If the person who passed had a large friendship group or requested an open funeral arrangement, obituaries are an easy and quick way to spread the message about dates, times and any charitable donation information. With so many people to contact, it’s easy for information to get confused and jumbled. With an official document, you eliminate this risk.
Where Are They Printed?
Traditionally, obituaries are found in local newspapers. On occasion, a member of a national newspaper’s staff may write an obituary for someone famous. There may be a fee applied to this service, but it still remains a popular way to spread the message, specifically with an older audience. However, as the world continues to move more and more online, memorial pages and obituary websites have increased in popularity. Many memorial pages are free to create and have an easy field-filling layout that makes it easy for you to build on quickly. Social media websites, including Facebook, offer memorial settings that allow you to transform an existing account into a place for friends and family to gather online and celebrate their loved ones. These can be used to post digital obituaries and are particularly helpful when spreading the word about funeral arrangements to a very wide audience.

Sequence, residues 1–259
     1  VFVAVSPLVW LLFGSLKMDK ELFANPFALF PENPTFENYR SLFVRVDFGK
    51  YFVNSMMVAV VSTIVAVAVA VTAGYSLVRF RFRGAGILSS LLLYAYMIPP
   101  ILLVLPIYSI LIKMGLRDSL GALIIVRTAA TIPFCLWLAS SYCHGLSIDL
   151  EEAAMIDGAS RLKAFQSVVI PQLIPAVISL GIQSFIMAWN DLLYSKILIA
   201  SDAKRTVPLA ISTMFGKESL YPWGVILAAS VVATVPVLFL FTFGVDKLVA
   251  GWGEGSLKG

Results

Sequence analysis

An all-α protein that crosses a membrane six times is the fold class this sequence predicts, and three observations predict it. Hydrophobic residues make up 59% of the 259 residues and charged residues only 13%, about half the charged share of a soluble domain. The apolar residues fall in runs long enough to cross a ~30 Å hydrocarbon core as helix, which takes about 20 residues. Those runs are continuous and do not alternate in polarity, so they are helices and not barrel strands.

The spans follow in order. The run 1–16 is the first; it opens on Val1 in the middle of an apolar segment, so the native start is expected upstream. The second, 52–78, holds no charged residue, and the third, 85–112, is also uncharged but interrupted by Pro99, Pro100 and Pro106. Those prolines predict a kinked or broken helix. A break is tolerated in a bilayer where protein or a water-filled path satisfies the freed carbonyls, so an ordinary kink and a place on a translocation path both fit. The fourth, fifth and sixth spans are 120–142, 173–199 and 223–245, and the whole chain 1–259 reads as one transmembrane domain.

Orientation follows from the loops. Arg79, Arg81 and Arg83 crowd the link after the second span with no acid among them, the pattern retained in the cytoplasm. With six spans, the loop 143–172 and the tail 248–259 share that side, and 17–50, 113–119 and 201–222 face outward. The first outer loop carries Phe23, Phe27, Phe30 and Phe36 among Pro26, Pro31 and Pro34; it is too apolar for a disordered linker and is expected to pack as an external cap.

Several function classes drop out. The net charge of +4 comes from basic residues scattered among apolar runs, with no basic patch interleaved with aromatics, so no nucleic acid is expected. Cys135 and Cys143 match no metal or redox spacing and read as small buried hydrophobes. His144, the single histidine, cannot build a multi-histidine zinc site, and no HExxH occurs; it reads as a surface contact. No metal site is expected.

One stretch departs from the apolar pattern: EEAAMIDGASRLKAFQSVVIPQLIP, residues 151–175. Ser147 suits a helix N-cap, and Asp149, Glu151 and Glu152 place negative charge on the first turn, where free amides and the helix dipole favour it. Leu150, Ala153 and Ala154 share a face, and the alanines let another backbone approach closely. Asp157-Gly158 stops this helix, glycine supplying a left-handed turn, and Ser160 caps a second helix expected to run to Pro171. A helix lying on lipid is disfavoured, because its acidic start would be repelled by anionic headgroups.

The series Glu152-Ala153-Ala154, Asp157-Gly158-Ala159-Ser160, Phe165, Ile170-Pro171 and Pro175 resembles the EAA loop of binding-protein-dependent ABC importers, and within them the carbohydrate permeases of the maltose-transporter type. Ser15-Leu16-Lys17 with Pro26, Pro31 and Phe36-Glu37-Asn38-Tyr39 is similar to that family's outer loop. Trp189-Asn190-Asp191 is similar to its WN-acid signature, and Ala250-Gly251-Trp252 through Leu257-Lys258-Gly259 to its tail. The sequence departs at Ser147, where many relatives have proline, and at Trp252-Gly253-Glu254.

You may also find obituaries in some local newsletters, specifically those put out by churches, synagogues or other religious organisations. If the deceased was heavily involved in charitable or volunteer work, it is possible that they may wish to pay homage to them through their own papers.